AI features in drone swarms, supersonic missile fighters, self-drive tanks and submarines, and robotics, but he is mainly concerned with Lethal Autonomous Weapons Systems (LAWS) – weapons which locate, select and engage (kill) human targets without human supervision. The entire AI industry is opposed to LAWS on ethical and practical grounds. The biggest drawback is the eventual availability to all actors of cheap LAWS, making conflict and escalation more likely. In 2017 Russell and some students made a scary YouTube video called Slaughterbot to demonstrate the future potential of LAWS. Russian commentators dismissed the technology as 30 years away. A Turkish firm built one 3 weeks later.

Nonetheless he is optimistic about a comprehensive LAWS ban, citing treaties on nuclear, chemical and biological weapons as well as land mines, blinding laser weapons, etc.

Lecture 3: AI in the economy

Most experts think AGI is a ‘plausible outcome within the next few decades’. JM Keynes postulated ‘technological unemployment’, but classical economists dismissed this as a Luddite fantasy. Russell disagrees, illustrating why with an ingenious paintbrush analogy. He describes the ‘wealth effect’ as automation makes things cheaper, but sees AGI pushing ‘virtually all sectors into decreased employment’. He acknowledges that wealth percolates up and doesn’t trickle down, increasing inequality: ‘I don’t know any near-term solution other than redistribution’.

Lecture 4: AI – A Future for Humans

The EU asked him if Asimov’s 3 Laws of Robotics could be made into law. He said they are illogical and unworkable. Instead he proposes three design principles:

The sole objective of any AI system must be the realisation of human preferences.
The machine can never assume that those preferences are fixed and known, it needs to ask (the uncertainty principle). It must always allow itself to be switched off, in case it is the problem.
Machines should rely not just on what some humans say (they may be mistaken, or bad actors) but also on general human behaviour, and written records.
Russell thinks businesses will have a strong financial interest in following these principles, to avoid bad press and payouts after a disaster. But they also have a ‘first mover’ incentive, hence the need for defining codes of conduct.

The Economics of AI (2022)

From the June 2022 issue of the Socialist Standard 

AI involves the use of machines to take, on their own, a continuing series of certain ‘intelligent’ decisions currently made by humans but in principle is no different from the use of other machines in production. AI is a further extension of the continual mechanisation that has been going on since capitalism started. Competition drives capitalist firms to mechanise in order to reduce their cost of production and stay in the battle of competition for profits. The same economic laws that govern the introduction of machinery under capitalism apply to the application of AI.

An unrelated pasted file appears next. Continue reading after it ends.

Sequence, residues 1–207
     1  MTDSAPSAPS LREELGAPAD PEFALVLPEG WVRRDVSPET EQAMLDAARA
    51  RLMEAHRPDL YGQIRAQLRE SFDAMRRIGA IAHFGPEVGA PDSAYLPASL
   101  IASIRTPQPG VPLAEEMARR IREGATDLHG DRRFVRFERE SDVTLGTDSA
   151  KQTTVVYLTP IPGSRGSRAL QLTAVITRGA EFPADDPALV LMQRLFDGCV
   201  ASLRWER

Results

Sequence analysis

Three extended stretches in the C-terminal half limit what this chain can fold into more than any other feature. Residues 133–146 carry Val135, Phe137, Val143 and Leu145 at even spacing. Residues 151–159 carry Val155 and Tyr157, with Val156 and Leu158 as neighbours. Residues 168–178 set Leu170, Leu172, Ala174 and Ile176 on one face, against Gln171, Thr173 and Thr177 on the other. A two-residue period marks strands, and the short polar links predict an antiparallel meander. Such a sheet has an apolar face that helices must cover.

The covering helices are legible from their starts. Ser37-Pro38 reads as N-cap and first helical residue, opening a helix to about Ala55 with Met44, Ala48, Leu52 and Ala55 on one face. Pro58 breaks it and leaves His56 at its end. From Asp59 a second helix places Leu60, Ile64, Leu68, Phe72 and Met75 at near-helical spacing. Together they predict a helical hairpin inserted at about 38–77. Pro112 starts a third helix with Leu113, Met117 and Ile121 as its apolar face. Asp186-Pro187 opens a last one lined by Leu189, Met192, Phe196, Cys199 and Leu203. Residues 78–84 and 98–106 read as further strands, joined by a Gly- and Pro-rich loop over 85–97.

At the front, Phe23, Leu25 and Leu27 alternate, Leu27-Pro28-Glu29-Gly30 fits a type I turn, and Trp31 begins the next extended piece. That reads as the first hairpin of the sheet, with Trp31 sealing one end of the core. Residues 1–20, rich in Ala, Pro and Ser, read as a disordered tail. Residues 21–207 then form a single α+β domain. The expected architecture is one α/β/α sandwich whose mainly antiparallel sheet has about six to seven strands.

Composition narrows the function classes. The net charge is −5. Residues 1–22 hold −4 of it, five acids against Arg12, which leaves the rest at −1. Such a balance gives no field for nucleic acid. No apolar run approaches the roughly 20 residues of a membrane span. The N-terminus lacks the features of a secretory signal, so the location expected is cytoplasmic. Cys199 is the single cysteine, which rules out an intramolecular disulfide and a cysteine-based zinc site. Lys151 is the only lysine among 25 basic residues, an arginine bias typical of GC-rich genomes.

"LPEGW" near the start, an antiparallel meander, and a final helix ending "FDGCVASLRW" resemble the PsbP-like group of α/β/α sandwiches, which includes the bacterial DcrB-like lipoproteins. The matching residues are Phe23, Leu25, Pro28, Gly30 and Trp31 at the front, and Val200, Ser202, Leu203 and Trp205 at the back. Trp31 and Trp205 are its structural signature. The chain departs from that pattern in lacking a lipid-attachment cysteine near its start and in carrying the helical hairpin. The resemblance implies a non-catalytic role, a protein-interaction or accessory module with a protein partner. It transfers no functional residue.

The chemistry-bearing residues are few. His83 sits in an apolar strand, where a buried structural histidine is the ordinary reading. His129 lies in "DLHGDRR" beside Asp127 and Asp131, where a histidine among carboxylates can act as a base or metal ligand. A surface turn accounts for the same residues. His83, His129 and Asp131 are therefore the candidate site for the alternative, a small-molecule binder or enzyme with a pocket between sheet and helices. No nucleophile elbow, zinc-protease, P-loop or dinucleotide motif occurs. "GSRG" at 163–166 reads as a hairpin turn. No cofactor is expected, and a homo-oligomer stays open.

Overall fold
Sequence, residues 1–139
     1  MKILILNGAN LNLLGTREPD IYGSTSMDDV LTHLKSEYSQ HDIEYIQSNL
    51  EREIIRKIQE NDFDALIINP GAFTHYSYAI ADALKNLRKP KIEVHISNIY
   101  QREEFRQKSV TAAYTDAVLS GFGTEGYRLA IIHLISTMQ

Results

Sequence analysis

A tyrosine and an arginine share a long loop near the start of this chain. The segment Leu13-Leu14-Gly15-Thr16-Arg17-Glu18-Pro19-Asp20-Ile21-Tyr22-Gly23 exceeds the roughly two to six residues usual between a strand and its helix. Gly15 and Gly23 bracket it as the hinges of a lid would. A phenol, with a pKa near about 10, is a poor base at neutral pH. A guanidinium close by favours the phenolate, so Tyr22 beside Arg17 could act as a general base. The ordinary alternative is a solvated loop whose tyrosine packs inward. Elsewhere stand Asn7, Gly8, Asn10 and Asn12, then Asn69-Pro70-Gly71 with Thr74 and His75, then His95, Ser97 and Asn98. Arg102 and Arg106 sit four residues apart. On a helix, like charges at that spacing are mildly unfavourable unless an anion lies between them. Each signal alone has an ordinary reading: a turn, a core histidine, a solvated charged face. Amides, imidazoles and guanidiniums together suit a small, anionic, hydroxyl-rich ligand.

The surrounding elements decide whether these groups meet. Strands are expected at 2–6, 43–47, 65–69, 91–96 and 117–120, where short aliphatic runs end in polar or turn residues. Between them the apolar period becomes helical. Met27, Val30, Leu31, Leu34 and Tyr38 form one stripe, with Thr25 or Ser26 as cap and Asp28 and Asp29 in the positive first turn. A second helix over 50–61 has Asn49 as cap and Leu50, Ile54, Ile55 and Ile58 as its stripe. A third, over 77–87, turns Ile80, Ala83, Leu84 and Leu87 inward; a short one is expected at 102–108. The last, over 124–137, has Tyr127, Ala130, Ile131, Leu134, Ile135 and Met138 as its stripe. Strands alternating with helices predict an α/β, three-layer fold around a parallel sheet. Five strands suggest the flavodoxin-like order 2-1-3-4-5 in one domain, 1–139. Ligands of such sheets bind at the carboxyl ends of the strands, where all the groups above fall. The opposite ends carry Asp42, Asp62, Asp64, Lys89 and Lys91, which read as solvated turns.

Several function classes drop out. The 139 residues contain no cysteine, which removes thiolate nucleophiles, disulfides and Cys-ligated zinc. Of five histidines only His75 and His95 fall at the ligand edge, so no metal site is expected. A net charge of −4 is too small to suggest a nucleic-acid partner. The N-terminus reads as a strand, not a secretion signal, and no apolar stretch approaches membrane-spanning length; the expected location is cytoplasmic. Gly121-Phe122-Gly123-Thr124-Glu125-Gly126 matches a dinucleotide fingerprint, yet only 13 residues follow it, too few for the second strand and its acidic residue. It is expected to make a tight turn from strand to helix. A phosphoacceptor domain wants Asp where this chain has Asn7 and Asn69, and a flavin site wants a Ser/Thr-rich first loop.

These economic laws are not what they might at first be assumed to be – that machines are introduced to reduce the amount of past and present human labour involved in producing something. This is because under capitalism there is a difference between the total amount of human labour required from start to finish to produce something and what it costs a capitalist firm to have it produced.

The total labour required to produce an item of wealth is not just that expended in the last stage of its production, as in the factory from which it emerges as a finished product, but also that expended on the production of the materials re-worked, the energy consumed and the wear and tear of the machines and buildings.

Only the labour expended at the last stage adds new labour and value. Under capitalism this is divided into wages (corresponding to the labour embodied in the workers’ labour-power) and unpaid surplus labour (the source of profit). The past labour embodied in the materials, energy, machines and buildings is transferred to the product without increasing. In the case of machines this is transferred gradually in the form of wear and tear (depreciation) until they need to be replaced. So while machines transfer value to the product it is their own pre-existing value. They do not add any new value and so do not produce surplus value; it is only the labour of those who use them that does.

Productivity can be said to increase when less labour (past and present) is required to produce an item of wealth. A machine only increases productivity to the extent that it displaces more labour than needed to produce it. Unless it does this there is no point, as far as increasing productivity is concerned, in installing it.